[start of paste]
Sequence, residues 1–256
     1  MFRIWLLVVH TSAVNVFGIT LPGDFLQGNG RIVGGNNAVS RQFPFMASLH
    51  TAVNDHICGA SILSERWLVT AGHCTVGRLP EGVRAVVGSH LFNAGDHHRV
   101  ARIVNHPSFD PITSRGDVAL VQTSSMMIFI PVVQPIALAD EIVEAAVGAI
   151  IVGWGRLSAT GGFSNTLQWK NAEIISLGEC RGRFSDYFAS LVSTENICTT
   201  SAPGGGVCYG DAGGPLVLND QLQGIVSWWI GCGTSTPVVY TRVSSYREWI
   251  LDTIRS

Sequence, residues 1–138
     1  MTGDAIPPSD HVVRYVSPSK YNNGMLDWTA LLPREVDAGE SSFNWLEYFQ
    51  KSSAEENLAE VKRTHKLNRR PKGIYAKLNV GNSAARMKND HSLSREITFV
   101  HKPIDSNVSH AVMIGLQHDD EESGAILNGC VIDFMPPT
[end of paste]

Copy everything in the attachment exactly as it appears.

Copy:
Sequence, residues 1–256
     1  MFRIWLLVVH TSAVNVFGIT LPGDFLQGNG RIVGGNNAVS RQFPFMASLH
    51  TAVNDHICGA SILSERWLVT AGHCTVGRLP EGVRAVVGSH LFNAGDHHRV
   101  ARIVNHPSFD PITSRGDVAL VQTSSMMIFI PVVQPIALAD EIVEAAVGAI
   151  IVGWGRLSAT GGFSNTLQWK NAEIISLGEC RGRFSDYFAS LVSTENICTT
   201  SAPGGGVCYG DAGGPLVLND QLQGIVSWWI GCGTSTPVVY TRVSSYREWI
   251  LDTIRS

Sequence, residues 1–138
     1  MTGDAIPPSD HVVRYVSPSK YNNGMLDWTA LLPREVDAGE SSFNWLEYFQ
    51  KSSAEENLAE VKRTHKLNRR PKGIYAKLNV GNSAARMKND HSLSREITFV
   101  HKPIDSNVSH AVMIGLQHDD EESGAILNGC VIDFMPPT